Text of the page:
Boy Meets Boy: The Literary Equivalent of Eating Honey Out of the Jar

(Yes, I’ve sat in the kitchen and eaten straight honey from a spoon. Don’t judge.)

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The last few months, I’ve been really getting into queer YA. So far, it’s been a good ride: while (as with any genre) there’s been some meh stuff (mostly due to writers either not understanding how teenagers act or letting characters be defined by their queerness), as a whole, it’s delivered on the promise of fun, decently well-written fiction that’s thoughtful without being too self-indulgently navel-gaze-y. Plus, as someone who (as a teenager) got most of her queer representation through fan projects or the internet, I can’t help but get excited about books that feature non-straight people, even moreso when they’re YA—it’s fucking difficult to be a teenager even without the queer thing in the mix, and anything that tries to alleviate that I am 100% behind.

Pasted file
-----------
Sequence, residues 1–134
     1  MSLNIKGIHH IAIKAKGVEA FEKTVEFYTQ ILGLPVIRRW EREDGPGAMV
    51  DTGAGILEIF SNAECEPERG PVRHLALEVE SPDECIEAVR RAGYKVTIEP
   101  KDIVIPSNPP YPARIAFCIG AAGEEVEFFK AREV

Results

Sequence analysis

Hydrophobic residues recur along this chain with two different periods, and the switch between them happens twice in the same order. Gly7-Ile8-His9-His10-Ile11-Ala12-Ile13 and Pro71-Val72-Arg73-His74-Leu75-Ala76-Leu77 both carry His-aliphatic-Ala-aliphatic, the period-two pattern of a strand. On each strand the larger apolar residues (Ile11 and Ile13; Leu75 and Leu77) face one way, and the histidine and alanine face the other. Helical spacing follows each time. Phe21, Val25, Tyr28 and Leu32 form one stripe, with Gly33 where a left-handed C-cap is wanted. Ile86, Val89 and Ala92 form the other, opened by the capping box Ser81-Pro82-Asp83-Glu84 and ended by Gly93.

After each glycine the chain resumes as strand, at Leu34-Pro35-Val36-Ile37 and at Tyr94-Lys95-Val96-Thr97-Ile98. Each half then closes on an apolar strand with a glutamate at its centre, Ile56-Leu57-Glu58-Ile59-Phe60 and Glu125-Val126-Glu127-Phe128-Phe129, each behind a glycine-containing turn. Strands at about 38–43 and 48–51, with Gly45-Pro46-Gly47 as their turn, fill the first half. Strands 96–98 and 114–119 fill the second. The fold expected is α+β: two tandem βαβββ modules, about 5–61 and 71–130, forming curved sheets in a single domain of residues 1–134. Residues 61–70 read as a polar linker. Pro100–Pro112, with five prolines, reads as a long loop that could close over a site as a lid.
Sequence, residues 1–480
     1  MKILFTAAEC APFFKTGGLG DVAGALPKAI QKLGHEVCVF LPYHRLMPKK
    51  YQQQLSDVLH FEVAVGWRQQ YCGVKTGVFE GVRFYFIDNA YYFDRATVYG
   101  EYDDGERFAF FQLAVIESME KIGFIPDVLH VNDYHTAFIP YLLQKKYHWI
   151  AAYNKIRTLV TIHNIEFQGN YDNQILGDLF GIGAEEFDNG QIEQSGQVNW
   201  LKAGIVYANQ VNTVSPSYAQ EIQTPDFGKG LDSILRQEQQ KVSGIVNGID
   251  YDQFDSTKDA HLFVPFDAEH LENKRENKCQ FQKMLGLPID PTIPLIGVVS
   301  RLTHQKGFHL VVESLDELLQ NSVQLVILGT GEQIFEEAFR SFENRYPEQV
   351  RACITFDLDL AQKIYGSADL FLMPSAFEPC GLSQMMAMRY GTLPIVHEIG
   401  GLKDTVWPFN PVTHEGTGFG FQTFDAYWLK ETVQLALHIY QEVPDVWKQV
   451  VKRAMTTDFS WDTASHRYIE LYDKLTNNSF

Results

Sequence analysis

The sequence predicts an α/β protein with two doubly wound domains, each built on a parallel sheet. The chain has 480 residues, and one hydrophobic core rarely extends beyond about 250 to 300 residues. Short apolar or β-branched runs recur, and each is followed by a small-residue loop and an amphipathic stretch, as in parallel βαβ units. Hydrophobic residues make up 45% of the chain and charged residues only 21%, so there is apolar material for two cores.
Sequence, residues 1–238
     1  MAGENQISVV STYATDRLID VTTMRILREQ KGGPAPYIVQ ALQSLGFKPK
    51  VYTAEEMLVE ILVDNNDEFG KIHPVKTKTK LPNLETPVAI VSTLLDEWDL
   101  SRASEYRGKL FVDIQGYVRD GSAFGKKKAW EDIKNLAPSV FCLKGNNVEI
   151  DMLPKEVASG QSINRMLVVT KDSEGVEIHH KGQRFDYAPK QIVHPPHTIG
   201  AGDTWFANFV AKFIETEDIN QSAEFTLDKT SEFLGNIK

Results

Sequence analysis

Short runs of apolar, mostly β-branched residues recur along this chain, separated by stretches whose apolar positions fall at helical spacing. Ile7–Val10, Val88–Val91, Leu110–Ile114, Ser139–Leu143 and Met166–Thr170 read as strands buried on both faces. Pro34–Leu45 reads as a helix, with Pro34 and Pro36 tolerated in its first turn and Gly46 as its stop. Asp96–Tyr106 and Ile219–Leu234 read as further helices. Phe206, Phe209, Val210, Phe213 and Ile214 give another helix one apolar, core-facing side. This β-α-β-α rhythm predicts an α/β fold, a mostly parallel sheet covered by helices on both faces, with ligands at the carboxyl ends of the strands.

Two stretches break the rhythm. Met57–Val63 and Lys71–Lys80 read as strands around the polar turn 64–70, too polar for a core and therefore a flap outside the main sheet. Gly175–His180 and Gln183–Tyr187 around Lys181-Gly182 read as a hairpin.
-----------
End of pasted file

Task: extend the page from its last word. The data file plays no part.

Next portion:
All that said then, Boy Meets Boy. BMB is a book from David Leviathan, an author who’s contributed a lot to the rather niche queer YA genre—he’s written twenty-three books and worked with multiple YA authors, including John Green, with whom he co-wrote Will Grayson, Will Grayson. Boy Meets Boy was Leviathan’s first novel, in 2003, and its premise is as simple as its title: a boy (Paul) meets another boy (Noah). They fall in love. Their parents and the small town they live in are incredibly accepting of their non-straightness (background characters include a drag queen star quarterback and the straight football player still bitter over getting rejected by her), and yet high school has a way of getting in the way of even the best of romances go awry.

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